from Josh Harrison
group at Fanueil Hall: Students visited Faneuil Hall during a day trip to Boston for Project 351, a student leadership program.
JH and gov: Joshua Harrison and Gov. Deval Patrick during the Project 351 day in Boston this January.
from Kelsey Rainville
rainville and gov: Kelsey Rainville and Gov. Deval Patrick during the Project 351 day in Boston this January.
By Anne O'Connor
TOWNSEND -- When two eighth-grade students were chosen to participate in a state-wide project, they had already proven they have what it takes.
"It takes leadership and character and all these other things and we think you fit the bill," Steve Coughlan, principal of Hawthorne Brook Middle School, told Kelsey Rainville.
Rainville, 14, from Ashby, and Joshua Harrison, 13, from Townsend, are this year's student ambassadors from their towns for Project 351. Each year, one grade-eight student from each of Massachusetts 351 municipalities is chosen to be part of the program begun by Gov. Deval Patrick in 2011.
On Jan. 18, these two students joined their peers for a day in Boston. They developed more leadership skills as they visited Faneuil Hall, the State House and nonprofit groups and schools in the city.
"They showed us how to take command and get things done," Harrison said.
Service-learning is familiar to these middle-school students. As part of her grade 5 requirements at Ashby Elementary School, Rainville donated 12 hours to the town's Pumpkin Festival, making fleeces and blankets.
Harrison volunteers for projects and drives at Hawthorne Brook. "I do what I can to help out," he said.
For part of the day in Boston, Rainville volunteered at Cradles to Crayons, a Boston-based charity providing essentials for homeless and low-income students.
Seeing the needs of kids "who don't have all the clothing, toys and books and everything that we do" stuck with Rainville.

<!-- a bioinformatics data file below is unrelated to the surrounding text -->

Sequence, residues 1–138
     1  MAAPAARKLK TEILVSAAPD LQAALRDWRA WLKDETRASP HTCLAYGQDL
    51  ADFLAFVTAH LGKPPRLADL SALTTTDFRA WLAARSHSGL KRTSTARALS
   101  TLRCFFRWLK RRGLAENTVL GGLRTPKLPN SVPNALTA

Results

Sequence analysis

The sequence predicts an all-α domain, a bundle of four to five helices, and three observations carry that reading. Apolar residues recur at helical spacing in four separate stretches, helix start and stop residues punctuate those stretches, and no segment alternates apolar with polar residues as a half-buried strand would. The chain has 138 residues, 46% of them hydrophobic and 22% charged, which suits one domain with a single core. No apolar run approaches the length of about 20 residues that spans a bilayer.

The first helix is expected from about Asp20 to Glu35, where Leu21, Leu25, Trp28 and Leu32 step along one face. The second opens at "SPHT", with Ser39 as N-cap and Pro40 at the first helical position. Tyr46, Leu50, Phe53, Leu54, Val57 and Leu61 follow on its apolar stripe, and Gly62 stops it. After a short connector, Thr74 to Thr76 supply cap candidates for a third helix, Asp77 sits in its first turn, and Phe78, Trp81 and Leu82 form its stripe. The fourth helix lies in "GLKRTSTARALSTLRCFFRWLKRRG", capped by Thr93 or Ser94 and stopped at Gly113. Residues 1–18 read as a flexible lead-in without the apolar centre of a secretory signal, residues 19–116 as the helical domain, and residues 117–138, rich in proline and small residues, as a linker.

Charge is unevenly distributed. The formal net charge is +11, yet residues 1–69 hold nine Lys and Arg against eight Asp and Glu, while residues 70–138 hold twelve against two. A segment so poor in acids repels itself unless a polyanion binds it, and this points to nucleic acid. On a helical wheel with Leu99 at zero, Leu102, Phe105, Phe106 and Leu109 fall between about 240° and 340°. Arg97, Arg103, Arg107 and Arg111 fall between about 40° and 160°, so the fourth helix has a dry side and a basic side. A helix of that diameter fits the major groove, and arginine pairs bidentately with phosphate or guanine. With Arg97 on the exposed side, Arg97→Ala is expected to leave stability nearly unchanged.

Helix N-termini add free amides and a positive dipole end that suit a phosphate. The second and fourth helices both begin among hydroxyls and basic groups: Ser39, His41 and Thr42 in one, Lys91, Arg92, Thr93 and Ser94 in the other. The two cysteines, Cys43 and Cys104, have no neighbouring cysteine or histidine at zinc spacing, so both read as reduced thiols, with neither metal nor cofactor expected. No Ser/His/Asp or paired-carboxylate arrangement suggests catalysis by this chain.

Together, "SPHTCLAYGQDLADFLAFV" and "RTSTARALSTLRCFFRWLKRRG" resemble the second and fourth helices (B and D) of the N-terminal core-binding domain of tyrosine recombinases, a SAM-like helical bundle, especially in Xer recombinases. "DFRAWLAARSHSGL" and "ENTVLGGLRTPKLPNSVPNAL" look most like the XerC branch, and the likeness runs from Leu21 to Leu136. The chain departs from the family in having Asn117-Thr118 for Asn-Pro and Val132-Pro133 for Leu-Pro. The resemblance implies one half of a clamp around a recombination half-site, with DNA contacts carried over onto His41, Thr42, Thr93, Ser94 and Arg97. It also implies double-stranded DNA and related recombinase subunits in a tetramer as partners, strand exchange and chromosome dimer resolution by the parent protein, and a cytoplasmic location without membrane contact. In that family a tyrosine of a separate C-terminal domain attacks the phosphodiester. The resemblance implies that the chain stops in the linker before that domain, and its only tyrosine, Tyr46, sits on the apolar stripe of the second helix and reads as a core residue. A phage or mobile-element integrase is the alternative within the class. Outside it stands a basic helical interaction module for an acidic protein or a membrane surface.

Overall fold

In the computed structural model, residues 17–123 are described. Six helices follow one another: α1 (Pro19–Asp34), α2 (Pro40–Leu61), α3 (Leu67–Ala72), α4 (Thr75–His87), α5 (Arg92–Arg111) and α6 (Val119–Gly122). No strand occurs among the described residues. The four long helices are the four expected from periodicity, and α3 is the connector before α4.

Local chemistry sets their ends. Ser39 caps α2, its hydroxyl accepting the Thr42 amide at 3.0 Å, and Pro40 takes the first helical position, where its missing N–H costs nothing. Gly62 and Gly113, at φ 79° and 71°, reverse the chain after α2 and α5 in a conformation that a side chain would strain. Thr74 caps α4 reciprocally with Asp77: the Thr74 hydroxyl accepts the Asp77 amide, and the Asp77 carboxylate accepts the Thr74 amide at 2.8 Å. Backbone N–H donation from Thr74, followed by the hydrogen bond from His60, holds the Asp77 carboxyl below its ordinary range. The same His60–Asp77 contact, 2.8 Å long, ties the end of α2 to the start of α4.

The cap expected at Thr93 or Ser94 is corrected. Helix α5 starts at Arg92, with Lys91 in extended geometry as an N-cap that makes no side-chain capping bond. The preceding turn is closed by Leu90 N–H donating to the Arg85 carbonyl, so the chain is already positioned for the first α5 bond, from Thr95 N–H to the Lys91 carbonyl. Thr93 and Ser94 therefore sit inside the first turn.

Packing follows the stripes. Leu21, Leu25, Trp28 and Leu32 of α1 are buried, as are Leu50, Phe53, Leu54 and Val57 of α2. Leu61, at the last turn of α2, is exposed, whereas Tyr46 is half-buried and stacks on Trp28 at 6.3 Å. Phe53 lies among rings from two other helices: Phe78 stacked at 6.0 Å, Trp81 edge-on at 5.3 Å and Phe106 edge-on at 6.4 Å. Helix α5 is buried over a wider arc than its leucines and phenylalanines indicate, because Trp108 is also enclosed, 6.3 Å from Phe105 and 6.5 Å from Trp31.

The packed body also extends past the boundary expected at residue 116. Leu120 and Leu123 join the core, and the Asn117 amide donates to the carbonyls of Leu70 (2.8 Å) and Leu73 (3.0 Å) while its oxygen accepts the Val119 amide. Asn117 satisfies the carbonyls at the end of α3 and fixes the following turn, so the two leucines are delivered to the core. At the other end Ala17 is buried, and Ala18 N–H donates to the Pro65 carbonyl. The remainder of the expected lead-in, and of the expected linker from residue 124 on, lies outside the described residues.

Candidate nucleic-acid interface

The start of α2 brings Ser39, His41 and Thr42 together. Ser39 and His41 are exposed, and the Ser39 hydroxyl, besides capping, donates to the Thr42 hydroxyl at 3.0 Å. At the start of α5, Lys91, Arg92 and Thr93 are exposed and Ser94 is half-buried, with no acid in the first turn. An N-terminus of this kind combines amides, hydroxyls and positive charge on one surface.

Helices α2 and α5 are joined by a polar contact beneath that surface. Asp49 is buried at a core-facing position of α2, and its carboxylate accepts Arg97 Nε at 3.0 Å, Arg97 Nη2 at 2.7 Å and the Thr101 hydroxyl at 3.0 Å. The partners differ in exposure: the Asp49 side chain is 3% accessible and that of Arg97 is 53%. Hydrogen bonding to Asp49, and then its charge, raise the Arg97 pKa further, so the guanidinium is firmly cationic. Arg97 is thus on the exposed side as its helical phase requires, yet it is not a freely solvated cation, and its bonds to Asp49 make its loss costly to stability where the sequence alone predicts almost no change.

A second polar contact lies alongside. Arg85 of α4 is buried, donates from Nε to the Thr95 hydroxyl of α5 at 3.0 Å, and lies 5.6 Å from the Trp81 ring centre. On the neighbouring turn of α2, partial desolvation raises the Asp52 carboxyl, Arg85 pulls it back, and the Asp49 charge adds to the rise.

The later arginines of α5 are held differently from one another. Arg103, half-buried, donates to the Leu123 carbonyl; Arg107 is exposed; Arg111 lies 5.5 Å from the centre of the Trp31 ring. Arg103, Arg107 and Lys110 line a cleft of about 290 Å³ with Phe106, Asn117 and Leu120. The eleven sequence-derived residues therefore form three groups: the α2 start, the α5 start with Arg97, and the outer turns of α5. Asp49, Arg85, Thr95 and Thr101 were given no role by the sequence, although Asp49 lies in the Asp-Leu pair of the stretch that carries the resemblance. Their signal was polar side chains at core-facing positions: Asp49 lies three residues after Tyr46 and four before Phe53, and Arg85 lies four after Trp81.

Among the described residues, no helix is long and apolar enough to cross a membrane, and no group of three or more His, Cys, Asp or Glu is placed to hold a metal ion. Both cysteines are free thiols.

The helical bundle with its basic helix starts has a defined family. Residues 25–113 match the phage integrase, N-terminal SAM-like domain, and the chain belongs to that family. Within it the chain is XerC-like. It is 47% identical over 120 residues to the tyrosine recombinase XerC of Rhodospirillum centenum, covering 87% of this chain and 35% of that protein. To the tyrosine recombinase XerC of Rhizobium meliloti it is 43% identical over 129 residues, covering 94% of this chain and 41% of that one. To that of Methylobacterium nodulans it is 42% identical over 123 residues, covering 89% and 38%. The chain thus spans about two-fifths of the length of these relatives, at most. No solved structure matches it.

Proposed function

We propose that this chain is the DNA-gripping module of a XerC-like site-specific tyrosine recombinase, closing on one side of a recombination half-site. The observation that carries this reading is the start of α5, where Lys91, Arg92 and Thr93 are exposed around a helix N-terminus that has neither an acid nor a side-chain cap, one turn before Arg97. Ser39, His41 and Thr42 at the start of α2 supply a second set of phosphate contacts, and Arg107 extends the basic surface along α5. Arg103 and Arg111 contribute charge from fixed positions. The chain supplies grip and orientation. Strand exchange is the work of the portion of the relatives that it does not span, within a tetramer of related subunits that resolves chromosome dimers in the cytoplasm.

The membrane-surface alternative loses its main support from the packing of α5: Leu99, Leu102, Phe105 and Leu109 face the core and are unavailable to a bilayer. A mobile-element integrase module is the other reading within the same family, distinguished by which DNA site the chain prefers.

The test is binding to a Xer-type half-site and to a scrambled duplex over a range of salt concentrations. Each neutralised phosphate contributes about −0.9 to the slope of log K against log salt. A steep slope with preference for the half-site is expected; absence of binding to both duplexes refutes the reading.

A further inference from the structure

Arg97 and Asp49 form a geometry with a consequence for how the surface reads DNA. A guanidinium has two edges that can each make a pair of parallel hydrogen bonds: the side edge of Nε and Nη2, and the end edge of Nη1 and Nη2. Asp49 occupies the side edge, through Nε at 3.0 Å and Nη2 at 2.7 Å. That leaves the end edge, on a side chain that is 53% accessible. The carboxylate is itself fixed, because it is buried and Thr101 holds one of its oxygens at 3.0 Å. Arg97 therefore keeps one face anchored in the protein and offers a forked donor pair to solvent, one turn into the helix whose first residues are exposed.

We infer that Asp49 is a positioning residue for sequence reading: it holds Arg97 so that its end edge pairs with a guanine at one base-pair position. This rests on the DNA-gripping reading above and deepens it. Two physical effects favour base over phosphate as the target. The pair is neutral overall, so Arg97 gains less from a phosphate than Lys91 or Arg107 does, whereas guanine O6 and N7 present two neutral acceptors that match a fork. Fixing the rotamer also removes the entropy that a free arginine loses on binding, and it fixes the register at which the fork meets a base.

Across the state, Project 351 participants are running Spring Greening initiatives to benefit Cradles to Crayons.
The two local students decided to team up and be part of the clothing drive. They are equipped with guidelines from the charity and all the knowledge they gained from Project 351.
Seeing how working together makes a big difference inspired Rainville.
The good feelings that come from helping others resonated with Harrison as well. "Wow, that felt really good to do ... I want to do more," Harrison said about his day in the city.
The student leaders plan on placing one collection box at Hawthorne Brook and another at the Townsend Public Library. Once the clothes are collected they will sort through them and send them out.
The students have started to use leadership skills to get the word out about the drive.
Rainville enlisted the help of the student council to make posters and hang them up all over school. Harrison approached the principal about including a notice on the sign in front of the school's entrance and in the morning announcements.
Project 351 gave the students a chance to meet peers from across the state. Initially, Rainville feared she would just be sitting there since she would not know anyone on the bus. She was proven wrong. Both students made friends they are still in contact with.
"The coolest thing," Harrison said, "was meeting so many new people, the friendships I made that day."
Spring Greening, the clothing drive to benefit Cradles to Crayons, will run from March 31 through April 10 at Hawthorne Brook and the Townsend Library.